MELISSA EARLL V. EBAY, INC., No. 13-15134 (9th Cir. 2015)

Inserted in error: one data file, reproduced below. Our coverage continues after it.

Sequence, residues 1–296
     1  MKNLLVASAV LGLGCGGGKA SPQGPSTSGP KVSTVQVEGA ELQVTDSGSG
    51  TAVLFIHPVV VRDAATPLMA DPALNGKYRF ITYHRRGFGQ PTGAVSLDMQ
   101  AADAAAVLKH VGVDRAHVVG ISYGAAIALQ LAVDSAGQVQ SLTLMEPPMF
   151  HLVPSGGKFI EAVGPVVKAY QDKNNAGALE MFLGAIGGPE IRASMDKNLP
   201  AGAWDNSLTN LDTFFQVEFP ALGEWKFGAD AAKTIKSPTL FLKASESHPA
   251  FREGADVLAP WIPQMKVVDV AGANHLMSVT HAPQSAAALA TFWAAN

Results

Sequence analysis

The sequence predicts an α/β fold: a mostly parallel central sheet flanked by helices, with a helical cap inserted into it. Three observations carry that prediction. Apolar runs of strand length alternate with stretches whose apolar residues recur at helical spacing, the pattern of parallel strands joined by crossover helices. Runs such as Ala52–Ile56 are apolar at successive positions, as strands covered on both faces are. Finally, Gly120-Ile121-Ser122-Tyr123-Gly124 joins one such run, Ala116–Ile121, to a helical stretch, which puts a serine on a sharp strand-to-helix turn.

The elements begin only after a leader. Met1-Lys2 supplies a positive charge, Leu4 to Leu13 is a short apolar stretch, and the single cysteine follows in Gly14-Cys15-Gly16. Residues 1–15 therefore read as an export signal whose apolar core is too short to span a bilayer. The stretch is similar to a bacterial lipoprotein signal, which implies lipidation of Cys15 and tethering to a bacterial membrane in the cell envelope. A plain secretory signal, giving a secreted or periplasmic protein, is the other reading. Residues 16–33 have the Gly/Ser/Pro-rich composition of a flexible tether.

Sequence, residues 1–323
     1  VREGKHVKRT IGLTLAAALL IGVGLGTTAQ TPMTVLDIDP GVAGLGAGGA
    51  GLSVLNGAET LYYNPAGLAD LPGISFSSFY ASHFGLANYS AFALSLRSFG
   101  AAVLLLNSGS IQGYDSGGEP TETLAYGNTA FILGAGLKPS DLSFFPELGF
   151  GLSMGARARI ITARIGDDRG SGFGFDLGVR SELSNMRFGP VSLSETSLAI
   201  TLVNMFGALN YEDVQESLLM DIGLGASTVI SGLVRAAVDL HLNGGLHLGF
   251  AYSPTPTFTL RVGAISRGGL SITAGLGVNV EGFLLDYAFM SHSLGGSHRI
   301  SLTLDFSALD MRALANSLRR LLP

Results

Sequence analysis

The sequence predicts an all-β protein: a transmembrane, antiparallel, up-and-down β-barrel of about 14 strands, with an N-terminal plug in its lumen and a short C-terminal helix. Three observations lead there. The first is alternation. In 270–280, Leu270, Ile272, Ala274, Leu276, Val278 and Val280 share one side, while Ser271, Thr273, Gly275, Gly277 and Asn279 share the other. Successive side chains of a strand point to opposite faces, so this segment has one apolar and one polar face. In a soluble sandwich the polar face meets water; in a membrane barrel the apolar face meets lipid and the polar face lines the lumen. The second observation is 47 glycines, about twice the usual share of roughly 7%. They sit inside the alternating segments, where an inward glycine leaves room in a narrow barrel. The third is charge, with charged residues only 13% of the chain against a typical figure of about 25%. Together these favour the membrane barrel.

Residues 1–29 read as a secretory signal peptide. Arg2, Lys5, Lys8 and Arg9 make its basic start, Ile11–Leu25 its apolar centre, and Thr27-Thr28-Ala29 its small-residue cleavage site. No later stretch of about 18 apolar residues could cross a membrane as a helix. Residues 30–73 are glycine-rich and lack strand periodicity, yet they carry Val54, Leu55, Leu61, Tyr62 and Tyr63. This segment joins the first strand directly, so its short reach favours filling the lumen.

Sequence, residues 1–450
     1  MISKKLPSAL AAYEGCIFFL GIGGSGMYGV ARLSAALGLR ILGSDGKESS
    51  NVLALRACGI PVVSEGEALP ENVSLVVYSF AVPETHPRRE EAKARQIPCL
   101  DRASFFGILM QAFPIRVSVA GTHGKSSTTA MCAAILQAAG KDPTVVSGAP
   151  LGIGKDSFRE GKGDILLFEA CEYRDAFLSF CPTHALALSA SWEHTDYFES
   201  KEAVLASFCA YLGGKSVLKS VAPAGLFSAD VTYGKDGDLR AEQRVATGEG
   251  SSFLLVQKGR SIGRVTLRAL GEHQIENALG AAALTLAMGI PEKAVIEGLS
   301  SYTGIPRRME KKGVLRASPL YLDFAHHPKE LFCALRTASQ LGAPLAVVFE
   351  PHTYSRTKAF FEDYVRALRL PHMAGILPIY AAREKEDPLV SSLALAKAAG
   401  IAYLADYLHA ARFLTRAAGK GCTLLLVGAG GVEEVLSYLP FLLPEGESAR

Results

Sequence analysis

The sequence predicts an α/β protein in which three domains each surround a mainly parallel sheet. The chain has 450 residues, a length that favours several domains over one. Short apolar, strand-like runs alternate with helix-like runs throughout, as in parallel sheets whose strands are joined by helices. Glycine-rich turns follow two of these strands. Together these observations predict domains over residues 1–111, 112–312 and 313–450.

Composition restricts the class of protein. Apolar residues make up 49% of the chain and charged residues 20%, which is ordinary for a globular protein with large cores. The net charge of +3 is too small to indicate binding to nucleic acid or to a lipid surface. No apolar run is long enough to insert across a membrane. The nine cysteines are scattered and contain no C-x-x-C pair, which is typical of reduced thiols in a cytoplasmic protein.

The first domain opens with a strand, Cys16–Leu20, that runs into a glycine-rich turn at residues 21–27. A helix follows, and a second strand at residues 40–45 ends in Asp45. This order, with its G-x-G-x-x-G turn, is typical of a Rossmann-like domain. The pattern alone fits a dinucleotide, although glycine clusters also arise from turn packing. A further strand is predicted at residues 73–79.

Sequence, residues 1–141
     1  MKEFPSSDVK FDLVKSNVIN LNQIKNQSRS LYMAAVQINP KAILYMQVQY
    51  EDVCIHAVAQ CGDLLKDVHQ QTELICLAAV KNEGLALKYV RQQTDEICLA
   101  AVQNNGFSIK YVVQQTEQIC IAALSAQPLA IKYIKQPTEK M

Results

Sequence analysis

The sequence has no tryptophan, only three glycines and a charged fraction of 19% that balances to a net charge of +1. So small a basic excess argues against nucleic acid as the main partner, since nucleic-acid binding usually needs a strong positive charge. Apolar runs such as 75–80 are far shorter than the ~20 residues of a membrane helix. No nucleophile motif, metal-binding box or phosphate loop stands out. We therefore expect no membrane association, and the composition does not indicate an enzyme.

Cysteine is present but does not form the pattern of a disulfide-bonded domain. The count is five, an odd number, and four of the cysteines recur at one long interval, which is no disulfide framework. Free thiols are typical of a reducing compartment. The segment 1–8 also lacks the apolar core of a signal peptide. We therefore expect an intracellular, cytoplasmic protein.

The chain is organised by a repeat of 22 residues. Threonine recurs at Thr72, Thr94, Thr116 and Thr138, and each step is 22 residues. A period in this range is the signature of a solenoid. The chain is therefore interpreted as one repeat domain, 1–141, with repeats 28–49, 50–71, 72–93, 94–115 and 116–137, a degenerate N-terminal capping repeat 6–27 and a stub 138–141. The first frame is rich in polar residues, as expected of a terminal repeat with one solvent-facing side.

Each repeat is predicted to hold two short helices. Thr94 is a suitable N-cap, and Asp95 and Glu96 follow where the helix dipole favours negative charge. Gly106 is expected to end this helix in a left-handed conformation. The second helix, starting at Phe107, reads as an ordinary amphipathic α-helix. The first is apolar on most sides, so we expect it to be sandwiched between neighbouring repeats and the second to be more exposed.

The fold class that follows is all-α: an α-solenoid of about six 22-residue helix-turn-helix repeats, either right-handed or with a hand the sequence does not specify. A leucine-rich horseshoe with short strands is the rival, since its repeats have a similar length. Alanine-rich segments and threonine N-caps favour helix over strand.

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FILED NOT FOR PUBLICATION UNITED STATES COURT OF APPEALS APR 01 2015 MOLLY C. DWYER, CLERK U.S. COURT OF APPEALS FOR THE NINTH CIRCUIT MELISSA J. EARLL, Plaintiff - Appellant, No. 13-15134 D.C. No. 5:11-cv-00262-EJD v. MEMORANDUM* EBAY, INC., Defendant - Appellee. Appeal from the United States District Court for the Northern District of California Edward J. Davila, District Judge, Presiding Argued and Submitted March 13, 2015 San Francisco California Before: McKEOWN, MURGUIA, and FRIEDLAND, Circuit Judges. Earll appeals the district court’s dismissal of her Americans with Disabilities Act (ADA) claim, 42 U.S.C. §§ 12181–12189, her California Disabled Persons Act claim, Cal. Civ. Code §§ 54, 54.1(a), and her Unruh Civil Rights Act claim, Cal. * This disposition is not appropriate for publication and is not precedent except as provided by 9th Cir. R. 36-3. Civ. Code §§ 51–52. We have jurisdiction under 28 U.S.C. § 1291. We affirm the dismissal of all three claims. Under Title III of the ADA, “[n]o individual shall be discriminated against on the basis of disability in the full and equal enjoyment of the goods, services, facilities, privileges, advantages, or accommodations of any place of public accommodation.” 42 U.S.C. § 12182(a). We have previously interpreted the term “place of public accommodation” to require “some connection between the good or service complained of and an actual physical place.” Weyer v. Twentieth Century Fox Film Corp., 198 F.3d 1104, 1114 (9th Cir. 2000). Because eBay’s services are not connected to any “actual, physical place[],” eBay is not subject to the ADA. See id. Therefore, in light of Weyer, Earll’s ADA claim fails as a matter of law. See id. The Disabled Persons Act guarantees that “[i]ndividuals with disabilities shall be entitled to full and equal access, as other members of the general public, to accommodations, advantages, facilities, . . . places of public accommodation, amusement, or resort, and other places to which the general public is invited, subject only to the conditions and limitations established by law, or state or federal regulation, and applicable alike to all persons.” Cal. Civ. Code § 54.1(a)(1). California courts have construed section 54.1 as a means of enforcing separate, 2 applicable accessibility standards, including ADA standards. See Coronado v. Cobblestone Vill. Cmty. Rentals, 77 Cal. Rptr. 3d 883, 893–94 (Ct. App. 2008) (citing Marsh v. Edwards, 134 Cal. Rptr. 844, 892 (Ct. App. 1976)), overruled on other grounds by Munson v. Del Taco, Inc., 208 P.3d 623, 678 (Cal. 2009).1 Because the ADA does not apply to the eBay services at issue here, Earll failed to allege violation of any separate, applicable accessibility standard. On this basis, Earll’s Disabled Persons Act claim fails as a matter of law. The Unruh Civil Rights Act provides that “[a]ll persons . . . are free and equal, and . . . are entitled to the full and equal accommodations, advantages, facilities, privileges, or services in all business establishments of every kind whatsoever.” Cal. Civ. Code § 51(b). “[T]o establish a violation of the Unruh Act independent of a claim under the [ADA], [a plaintiff] must ‘plead and prove intentional discrimination.’” Greater L.A. Agency on Deafness, Inc. v. Cable News Network, Inc., 742 F.3d 414, 425 (9th Cir. 2014) (quoting Munson, 208 P.3d at 627). eBay’s aural identification system applies to all eBay users, whether hearing-impaired or not. Its failure to provide a deaf-accessible alternative to its 1 Although the Disabled Persons Act can be asserted as a freestanding claim if based on an allegedly discriminatory policy, see Hankins v. El Torito Rests., Inc., 74 Cal. Rptr. 2d 684, 691–93 (Ct. App. 1998), Earll failed to assert this argument in her opening brief and therefore waived it. See Dream Games of Ariz., Inc. v. PC Onsite, 561 F.3d 983, 994–95 (9th Cir. 2009). 3 aural identification system does not amount to willful, affirmative misconduct sufficient to constitute intentional discrimination under the Unruh Act. See Koebke v. Bernardo Heights Country Club, 115 P.3d 1212, 1228 (Cal. 2005). Because Earll has not alleged intentional discrimination, Earll’s Unruh Act claim fails as a matter of law. AFFIRMED. 4